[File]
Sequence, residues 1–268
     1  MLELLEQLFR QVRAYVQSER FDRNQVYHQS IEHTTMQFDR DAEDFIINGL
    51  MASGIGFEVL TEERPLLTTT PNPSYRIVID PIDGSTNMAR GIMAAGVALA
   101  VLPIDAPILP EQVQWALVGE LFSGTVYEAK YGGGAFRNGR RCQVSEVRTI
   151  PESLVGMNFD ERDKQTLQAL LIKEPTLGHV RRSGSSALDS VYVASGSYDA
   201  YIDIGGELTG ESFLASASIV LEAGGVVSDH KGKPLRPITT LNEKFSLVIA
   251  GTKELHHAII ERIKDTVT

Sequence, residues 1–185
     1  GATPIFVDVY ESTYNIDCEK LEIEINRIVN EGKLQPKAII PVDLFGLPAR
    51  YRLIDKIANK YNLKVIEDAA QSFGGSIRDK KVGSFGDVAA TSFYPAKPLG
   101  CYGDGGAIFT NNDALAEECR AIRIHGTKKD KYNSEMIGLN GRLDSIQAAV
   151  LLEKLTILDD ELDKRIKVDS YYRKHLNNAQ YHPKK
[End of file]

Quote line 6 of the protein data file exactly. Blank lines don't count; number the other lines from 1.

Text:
   201  YIDIGGELTG ESFLASASIV LEAGGVVSDH KGKPLRPITT LNEKFSLVIA